The intention of the WHATIFTHEWORLD GALLERY from Cape Town is a kind of hopeful look into the future. It started mainly with emerging artists. Some of these artists are now exhibiting in museums all over the world. The gallery still promotes younger artists today. Supporting them is very important to her.
The art landscape in South Africa is gradually correcting many institutionalized lines in the balance sheets of the past. This is also a very important part of the WHATIFTHEWORLD GALLERY's mission. Many of the artists in the gallery work in the disciplines of painting, sculpture, performance, sound installation, printmaking as well as political works, but also show more personal and introspective works, perhaps dealing with identity, as well as formalist and minimalist compositions.
The focus is on the work of a young, very exciting African artist called Pierre. It is a painting with shellac and imitation gold. As Pierre is a practicing Buddhist, it is important to him that no real gold was used, but an imitation. His paintings are about achieving a state of transcendence and leaving material positions behind. The painting shows imprints of flowers behind a canvas. He uses handmade objects that he weaves from human hair. When they are pressed onto the canvas, they leave a kind of oxidation mark in the form of an organic color change. Pierre's work is a spiritual painting.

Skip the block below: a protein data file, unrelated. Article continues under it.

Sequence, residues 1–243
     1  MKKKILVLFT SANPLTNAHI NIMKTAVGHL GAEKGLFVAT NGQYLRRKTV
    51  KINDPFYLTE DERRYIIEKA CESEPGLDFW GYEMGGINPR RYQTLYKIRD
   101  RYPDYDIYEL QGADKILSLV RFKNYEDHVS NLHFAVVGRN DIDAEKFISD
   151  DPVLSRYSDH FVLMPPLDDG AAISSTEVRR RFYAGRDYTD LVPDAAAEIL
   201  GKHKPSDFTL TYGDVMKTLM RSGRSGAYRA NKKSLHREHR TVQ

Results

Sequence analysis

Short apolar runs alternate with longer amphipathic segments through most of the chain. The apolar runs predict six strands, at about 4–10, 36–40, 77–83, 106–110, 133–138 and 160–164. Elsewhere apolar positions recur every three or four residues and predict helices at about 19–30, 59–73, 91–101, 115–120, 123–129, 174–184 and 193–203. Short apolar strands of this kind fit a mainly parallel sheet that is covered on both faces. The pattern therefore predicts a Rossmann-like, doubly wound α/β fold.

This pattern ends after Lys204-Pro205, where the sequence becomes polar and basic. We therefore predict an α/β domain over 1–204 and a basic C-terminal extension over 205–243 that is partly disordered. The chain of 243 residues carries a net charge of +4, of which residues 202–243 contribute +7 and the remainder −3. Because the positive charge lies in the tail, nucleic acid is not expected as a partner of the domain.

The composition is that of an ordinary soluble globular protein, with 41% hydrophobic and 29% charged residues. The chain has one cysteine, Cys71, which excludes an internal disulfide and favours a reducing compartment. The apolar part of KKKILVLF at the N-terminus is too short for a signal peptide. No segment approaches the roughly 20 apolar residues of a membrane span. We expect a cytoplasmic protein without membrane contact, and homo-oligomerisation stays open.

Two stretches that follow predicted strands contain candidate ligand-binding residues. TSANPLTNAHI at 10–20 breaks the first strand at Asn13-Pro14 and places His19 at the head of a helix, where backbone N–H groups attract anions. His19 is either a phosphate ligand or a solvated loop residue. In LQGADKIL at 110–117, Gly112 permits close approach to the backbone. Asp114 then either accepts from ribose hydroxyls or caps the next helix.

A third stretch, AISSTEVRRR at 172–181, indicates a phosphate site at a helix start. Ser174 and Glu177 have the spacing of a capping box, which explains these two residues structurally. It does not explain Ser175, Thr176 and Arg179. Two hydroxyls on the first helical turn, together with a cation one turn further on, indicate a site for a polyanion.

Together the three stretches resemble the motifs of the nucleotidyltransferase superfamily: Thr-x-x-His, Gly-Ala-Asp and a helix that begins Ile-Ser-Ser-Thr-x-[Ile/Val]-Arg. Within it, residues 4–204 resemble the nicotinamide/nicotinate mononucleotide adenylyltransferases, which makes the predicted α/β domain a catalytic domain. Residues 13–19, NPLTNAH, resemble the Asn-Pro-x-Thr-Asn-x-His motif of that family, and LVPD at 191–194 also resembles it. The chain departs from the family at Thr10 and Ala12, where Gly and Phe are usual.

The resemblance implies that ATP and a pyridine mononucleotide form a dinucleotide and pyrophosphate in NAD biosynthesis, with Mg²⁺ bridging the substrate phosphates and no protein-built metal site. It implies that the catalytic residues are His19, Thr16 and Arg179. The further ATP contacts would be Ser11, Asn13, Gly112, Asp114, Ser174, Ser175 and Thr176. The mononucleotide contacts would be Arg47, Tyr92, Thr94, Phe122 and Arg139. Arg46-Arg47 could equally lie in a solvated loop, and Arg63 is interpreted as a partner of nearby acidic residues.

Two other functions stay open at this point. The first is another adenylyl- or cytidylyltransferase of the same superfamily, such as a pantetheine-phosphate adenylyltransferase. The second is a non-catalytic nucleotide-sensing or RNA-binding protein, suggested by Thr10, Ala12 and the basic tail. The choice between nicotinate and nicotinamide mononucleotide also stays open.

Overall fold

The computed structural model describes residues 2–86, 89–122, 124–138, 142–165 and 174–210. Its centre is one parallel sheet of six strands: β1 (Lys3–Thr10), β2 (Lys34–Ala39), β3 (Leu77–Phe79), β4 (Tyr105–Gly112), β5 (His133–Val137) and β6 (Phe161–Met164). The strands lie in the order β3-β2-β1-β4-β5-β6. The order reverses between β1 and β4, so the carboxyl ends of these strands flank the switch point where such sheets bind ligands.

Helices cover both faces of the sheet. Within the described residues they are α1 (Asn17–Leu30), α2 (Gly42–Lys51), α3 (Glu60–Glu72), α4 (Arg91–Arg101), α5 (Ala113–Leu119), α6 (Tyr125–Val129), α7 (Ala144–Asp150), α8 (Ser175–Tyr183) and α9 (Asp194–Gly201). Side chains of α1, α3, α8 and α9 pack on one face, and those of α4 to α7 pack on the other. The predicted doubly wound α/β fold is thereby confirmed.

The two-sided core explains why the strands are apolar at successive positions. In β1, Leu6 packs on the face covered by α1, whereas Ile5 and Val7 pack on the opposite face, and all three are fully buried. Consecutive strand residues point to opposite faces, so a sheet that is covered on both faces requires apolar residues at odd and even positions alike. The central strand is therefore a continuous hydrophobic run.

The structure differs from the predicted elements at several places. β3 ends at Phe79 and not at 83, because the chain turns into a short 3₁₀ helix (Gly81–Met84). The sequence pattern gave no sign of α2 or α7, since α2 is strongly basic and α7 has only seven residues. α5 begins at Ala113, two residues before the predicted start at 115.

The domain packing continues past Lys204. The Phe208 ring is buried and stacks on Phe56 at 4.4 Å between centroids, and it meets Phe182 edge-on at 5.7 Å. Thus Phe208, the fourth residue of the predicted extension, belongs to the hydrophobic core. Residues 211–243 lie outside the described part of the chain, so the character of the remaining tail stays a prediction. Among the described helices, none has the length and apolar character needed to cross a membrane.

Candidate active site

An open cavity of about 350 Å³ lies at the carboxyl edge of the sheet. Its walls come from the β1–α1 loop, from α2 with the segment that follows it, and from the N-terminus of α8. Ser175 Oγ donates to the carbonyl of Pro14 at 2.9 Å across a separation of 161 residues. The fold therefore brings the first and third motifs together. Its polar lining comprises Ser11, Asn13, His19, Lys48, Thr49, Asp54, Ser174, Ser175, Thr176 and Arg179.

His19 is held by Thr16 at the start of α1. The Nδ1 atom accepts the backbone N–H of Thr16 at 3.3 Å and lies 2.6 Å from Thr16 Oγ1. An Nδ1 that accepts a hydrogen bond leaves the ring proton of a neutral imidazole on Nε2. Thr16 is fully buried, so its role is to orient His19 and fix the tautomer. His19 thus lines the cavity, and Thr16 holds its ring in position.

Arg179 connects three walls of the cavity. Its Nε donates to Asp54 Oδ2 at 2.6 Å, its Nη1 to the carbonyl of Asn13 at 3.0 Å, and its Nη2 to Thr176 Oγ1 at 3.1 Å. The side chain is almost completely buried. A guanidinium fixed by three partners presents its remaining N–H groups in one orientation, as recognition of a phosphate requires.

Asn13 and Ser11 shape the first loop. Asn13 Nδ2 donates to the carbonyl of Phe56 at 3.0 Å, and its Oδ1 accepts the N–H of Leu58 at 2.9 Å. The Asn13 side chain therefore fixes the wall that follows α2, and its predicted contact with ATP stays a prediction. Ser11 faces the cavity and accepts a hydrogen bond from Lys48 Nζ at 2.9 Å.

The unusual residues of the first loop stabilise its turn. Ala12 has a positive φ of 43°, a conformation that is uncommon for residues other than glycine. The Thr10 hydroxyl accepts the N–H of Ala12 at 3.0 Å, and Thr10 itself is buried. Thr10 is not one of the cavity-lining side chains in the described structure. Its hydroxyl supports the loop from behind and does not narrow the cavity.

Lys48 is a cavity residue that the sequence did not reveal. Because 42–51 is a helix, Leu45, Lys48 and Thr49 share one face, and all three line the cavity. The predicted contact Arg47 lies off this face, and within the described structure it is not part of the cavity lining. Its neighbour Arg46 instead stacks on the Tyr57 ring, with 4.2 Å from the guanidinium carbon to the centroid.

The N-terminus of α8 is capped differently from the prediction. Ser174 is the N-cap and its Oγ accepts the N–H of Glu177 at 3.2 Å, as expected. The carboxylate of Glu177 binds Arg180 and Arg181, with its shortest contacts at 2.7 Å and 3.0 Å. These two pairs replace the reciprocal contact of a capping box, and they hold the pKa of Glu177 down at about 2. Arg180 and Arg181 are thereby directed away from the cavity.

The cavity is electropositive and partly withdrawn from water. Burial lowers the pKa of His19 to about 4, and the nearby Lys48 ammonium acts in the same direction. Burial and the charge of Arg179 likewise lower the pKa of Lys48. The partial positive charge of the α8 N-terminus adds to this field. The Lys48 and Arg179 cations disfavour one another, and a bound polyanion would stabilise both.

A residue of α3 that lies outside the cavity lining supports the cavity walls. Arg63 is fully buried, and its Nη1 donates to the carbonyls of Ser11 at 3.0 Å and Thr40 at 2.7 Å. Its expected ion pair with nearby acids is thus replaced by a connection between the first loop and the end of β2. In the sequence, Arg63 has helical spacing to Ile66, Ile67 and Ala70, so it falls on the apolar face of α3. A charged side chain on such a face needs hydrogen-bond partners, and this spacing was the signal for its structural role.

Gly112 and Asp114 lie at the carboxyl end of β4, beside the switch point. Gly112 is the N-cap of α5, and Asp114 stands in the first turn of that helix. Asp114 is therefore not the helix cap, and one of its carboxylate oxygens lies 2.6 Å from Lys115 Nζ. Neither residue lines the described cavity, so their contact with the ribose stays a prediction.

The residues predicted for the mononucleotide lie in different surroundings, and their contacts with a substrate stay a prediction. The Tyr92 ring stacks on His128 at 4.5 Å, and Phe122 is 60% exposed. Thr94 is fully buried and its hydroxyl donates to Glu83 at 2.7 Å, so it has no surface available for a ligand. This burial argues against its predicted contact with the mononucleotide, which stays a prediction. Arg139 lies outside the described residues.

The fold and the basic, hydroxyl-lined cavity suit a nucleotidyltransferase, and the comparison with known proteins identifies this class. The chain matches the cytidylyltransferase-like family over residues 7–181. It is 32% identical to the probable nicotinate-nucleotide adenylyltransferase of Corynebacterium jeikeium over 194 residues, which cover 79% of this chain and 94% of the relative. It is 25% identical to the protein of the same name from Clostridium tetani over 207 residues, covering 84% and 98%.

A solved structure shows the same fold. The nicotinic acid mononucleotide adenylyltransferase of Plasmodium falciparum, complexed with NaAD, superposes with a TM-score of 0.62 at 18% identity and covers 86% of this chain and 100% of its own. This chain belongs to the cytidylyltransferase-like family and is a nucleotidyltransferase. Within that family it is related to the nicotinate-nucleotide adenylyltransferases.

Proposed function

Another South African artist in the gallery is from Johannesburg: Chris Soal. His objects consist of toothpicks, which he shapes together to resemble a sponge, a sea creature, a botanical object or fur. The artist is very interested in sustainability issues.
Toothpicks seem to him to be suitable objects because they speak of the way we use natural resources. So in a way, these works hover between dying and resurrecting. They show both parts of the ecological battle we are currently fighting. Chris is now one of South Africa's most exciting emerging artists. He is tackling the ecological challenges of our time.